Should you disconnect your computer from Internet in case of virus attack?

Should you disconnect your computer from Internet in case of virus attack?

When faced with a virus attack on your PC, the question often arises: should you disconnect from the Internet or not? It's a common recommendation to sever the Internet connection when dealing with a virus invasion. But is it really the best move, or even necessary?

Computer viruses pose a persistent threat to digital security, targeting systems with alarming frequency. These malicious programs exploit vulnerabilities in software and networks, wreaking havoc on both personal and professional devices. Understanding the prevalence of these attacks is crucial for implementing effective cybersecurity measures and safeguarding against potential breaches.

Imagine finding out that your Windows system has been infiltrated by a malicious virus. Online advice suggests an immediate Internet disconnection. Unplugging the network cable and deactivating WLAN in Windows buys you time to tackle the malware. Usually, the reason behind this advice isn't fully explained. This begs the question: Is disconnecting from the Internet truly essential? The answer isn't straightforward, as there are two compelling reasons for opting to cut off your Internet connection:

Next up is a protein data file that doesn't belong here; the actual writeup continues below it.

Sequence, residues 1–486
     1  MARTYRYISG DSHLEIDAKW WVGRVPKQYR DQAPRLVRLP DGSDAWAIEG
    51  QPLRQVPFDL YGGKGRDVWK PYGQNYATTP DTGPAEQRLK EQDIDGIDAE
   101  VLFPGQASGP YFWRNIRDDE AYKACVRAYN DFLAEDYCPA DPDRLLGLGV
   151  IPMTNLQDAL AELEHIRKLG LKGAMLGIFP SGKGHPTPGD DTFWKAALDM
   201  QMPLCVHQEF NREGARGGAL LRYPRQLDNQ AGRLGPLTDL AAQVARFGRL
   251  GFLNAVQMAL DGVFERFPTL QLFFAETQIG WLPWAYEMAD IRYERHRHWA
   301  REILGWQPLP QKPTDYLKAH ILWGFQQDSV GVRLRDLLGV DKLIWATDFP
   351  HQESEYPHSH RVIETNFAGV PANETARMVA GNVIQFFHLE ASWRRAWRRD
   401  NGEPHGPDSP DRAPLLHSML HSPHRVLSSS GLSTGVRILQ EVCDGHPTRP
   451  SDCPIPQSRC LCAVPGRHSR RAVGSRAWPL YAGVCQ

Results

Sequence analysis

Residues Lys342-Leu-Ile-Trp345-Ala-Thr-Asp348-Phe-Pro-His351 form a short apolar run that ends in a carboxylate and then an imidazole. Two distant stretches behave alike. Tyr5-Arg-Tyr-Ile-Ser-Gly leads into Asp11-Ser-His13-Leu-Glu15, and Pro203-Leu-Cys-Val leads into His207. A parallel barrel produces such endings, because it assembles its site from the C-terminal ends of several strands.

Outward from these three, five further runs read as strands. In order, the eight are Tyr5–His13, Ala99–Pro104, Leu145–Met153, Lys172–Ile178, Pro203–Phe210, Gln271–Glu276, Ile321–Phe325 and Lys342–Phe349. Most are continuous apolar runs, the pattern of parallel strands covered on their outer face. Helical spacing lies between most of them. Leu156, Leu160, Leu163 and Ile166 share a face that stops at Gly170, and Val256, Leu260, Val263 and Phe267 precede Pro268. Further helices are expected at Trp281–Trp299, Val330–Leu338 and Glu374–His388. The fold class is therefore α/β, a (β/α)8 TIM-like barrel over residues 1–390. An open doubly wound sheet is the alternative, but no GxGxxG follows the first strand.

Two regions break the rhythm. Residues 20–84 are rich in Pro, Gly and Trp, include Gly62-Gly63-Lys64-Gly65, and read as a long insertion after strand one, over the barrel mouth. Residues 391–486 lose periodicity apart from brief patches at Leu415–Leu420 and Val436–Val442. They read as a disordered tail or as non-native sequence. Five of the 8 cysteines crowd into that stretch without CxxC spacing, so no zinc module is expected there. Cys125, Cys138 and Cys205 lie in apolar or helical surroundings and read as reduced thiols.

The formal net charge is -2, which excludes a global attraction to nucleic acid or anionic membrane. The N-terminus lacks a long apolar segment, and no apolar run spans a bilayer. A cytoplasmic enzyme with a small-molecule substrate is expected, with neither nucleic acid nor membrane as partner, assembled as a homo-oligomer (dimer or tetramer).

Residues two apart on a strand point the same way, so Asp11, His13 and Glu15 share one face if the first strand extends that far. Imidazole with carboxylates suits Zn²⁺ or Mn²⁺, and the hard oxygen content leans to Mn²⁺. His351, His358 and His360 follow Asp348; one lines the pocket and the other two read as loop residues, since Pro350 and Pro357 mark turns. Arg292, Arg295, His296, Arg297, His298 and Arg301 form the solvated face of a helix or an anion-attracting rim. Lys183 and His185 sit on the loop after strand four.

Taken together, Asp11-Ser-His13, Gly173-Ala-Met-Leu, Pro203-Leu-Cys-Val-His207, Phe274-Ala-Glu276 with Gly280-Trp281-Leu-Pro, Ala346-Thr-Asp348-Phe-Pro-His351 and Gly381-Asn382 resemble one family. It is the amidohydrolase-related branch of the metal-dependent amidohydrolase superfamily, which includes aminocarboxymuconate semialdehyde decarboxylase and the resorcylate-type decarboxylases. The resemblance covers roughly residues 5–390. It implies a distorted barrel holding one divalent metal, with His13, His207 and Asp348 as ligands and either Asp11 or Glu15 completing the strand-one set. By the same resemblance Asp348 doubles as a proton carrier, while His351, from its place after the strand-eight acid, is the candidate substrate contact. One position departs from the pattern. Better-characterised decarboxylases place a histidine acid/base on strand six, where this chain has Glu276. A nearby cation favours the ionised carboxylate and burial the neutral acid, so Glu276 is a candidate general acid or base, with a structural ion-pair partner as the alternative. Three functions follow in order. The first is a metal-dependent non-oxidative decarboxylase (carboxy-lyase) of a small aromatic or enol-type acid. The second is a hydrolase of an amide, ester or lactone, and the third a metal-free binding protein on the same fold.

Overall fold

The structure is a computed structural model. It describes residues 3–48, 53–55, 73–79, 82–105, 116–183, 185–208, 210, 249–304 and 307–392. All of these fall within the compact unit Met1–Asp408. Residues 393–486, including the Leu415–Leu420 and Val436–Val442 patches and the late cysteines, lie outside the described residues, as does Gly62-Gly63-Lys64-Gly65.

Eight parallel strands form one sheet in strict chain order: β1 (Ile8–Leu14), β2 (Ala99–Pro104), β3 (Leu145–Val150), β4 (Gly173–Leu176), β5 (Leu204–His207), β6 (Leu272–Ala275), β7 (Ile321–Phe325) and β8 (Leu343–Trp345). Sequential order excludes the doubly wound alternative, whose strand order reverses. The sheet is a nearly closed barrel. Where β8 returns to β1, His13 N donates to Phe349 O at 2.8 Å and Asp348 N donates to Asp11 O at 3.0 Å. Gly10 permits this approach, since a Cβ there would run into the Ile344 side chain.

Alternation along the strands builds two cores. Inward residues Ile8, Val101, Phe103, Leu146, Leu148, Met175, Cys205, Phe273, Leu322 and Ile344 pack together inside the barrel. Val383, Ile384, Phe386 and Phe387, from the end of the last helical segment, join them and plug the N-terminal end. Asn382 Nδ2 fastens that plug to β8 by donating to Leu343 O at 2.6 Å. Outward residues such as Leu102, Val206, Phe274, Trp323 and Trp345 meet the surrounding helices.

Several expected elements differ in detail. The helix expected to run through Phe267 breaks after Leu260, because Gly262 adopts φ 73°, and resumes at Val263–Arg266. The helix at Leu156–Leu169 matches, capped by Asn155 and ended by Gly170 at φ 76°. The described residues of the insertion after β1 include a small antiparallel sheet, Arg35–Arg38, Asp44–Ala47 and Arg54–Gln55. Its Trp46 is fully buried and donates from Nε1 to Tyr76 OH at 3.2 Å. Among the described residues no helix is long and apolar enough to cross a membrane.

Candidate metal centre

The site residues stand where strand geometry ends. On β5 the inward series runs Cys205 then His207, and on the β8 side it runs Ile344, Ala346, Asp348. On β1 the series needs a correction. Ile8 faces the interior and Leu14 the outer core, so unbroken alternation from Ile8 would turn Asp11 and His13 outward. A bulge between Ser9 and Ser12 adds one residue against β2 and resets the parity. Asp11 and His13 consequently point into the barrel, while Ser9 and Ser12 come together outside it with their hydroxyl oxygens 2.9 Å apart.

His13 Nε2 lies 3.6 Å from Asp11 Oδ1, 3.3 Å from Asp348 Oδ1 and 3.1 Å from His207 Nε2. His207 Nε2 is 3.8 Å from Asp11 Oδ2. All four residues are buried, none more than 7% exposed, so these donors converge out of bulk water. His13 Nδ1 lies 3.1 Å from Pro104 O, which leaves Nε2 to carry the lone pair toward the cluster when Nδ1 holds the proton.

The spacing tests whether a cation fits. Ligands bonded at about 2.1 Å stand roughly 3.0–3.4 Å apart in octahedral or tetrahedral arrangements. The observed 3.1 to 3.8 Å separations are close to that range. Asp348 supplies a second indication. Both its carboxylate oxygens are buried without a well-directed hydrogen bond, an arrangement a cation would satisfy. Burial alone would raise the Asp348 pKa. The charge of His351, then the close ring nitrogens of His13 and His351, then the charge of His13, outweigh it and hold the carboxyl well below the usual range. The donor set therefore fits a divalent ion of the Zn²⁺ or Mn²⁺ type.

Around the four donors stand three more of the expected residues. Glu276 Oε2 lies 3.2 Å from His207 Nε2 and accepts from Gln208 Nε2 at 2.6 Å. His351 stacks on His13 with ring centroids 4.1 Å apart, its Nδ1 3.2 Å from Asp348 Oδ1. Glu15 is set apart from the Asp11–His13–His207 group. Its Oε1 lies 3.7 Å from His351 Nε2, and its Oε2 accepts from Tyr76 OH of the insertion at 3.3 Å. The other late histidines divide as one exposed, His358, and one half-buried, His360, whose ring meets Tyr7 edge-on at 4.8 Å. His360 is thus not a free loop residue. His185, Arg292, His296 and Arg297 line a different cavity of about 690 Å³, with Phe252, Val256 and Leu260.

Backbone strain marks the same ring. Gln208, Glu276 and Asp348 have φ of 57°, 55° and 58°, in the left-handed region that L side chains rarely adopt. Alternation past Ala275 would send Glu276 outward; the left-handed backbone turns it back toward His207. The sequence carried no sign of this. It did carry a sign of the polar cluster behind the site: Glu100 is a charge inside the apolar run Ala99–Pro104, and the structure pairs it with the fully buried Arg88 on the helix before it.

• Firstly, some malicious code, like Remote Access Trojans (RATs), grants attackers full control over your system. By disconnecting, you block their access and gain the upper hand in removing the threat.
  • Secondly, ransomware viruses often not only encrypt your data but also upload it to the attackers' servers beforehand. Disconnecting swiftly can prevent this data from falling into the wrong hands.

On the flip side, most antivirus programs perform better with an active Internet connection. They rely on extensive databases hosted by antivirus manufacturers, containing fingerprints of dangerous files. Additionally, some antivirus programs use file reputation-based detection, which requires online access to assess a file's origins and previous detections. 

Tests conducted by AV-Comparatives reveal significant disparities in detection rates between online and offline scans. For instance, Avira detects 99.1% of malware online compared to 92.5 % offline, and Microsoft Defender detects 95.8% online versus 77% offline.

Considering these findings, it appears unwise to conduct a virus scan without an active Internet connection. Nevertheless, if you suspect malware, it's prudent to perform a swift scan, which can be concluded within minutes. In the interim, you can procure a current secondary scanner, like Kaspersky Rescue Disk or Avira Rescue System, and transfer it to a USB stick. By booting your PC with this device, you can execute a comprehensive scan, shielding yourself from potential online threats.

If you still suspect lingering malware, disconnecting from the Internet for a detailed analysis is wise. This ensures a thorough examination of your system without the concern of data leaks.